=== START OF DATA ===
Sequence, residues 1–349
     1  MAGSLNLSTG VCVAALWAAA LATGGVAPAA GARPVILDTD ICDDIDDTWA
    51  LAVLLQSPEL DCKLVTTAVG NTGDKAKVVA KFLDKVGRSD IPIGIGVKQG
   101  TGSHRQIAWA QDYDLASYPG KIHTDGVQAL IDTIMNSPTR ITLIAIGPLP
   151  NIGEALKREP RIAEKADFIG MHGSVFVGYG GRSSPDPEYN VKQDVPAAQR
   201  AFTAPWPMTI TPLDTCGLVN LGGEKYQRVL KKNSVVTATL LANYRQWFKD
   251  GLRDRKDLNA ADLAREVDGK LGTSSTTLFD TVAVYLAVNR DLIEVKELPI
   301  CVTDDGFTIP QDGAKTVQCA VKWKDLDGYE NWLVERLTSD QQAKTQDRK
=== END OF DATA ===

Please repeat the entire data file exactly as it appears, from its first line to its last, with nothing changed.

Sequence, residues 1–349
     1  MAGSLNLSTG VCVAALWAAA LATGGVAPAA GARPVILDTD ICDDIDDTWA
    51  LAVLLQSPEL DCKLVTTAVG NTGDKAKVVA KFLDKVGRSD IPIGIGVKQG
   101  TGSHRQIAWA QDYDLASYPG KIHTDGVQAL IDTIMNSPTR ITLIAIGPLP
   151  NIGEALKREP RIAEKADFIG MHGSVFVGYG GRSSPDPEYN VKQDVPAAQR
   201  AFTAPWPMTI TPLDTCGLVN LGGEKYQRVL KKNSVVTATL LANYRQWFKD
   251  GLRDRKDLNA ADLAREVDGK LGTSSTTLFD TVAVYLAVNR DLIEVKELPI
   301  CVTDDGFTIP QDGAKTVQCA VKWKDLDGYE NWLVERLTSD QQAKTQDRK